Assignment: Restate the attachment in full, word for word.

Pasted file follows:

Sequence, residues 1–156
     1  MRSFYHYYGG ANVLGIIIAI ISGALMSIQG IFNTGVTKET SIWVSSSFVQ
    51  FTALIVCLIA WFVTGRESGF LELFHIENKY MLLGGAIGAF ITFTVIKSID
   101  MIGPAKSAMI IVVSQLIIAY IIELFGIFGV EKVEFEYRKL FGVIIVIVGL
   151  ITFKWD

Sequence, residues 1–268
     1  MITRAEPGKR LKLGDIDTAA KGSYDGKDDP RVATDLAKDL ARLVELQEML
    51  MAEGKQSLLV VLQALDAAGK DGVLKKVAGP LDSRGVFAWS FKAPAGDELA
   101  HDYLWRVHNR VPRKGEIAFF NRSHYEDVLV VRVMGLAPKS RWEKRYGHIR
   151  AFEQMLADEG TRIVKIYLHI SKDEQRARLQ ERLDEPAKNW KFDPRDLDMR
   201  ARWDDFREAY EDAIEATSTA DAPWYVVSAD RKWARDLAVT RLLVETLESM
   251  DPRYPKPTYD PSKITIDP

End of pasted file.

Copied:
Sequence, residues 1–156
     1  MRSFYHYYGG ANVLGIIIAI ISGALMSIQG IFNTGVTKET SIWVSSSFVQ
    51  FTALIVCLIA WFVTGRESGF LELFHIENKY MLLGGAIGAF ITFTVIKSID
   101  MIGPAKSAMI IVVSQLIIAY IIELFGIFGV EKVEFEYRKL FGVIIVIVGL
   151  ITFKWD

Sequence, residues 1–268
     1  MITRAEPGKR LKLGDIDTAA KGSYDGKDDP RVATDLAKDL ARLVELQEML
    51  MAEGKQSLLV VLQALDAAGK DGVLKKVAGP LDSRGVFAWS FKAPAGDELA
   101  HDYLWRVHNR VPRKGEIAFF NRSHYEDVLV VRVMGLAPKS RWEKRYGHIR
   151  AFEQMLADEG TRIVKIYLHI SKDEQRARLQ ERLDEPAKNW KFDPRDLDMR
   201  ARWDDFREAY EDAIEATSTA DAPWYVVSAD RKWARDLAVT RLLVETLESM
   251  DPRYPKPTYD PSKITIDP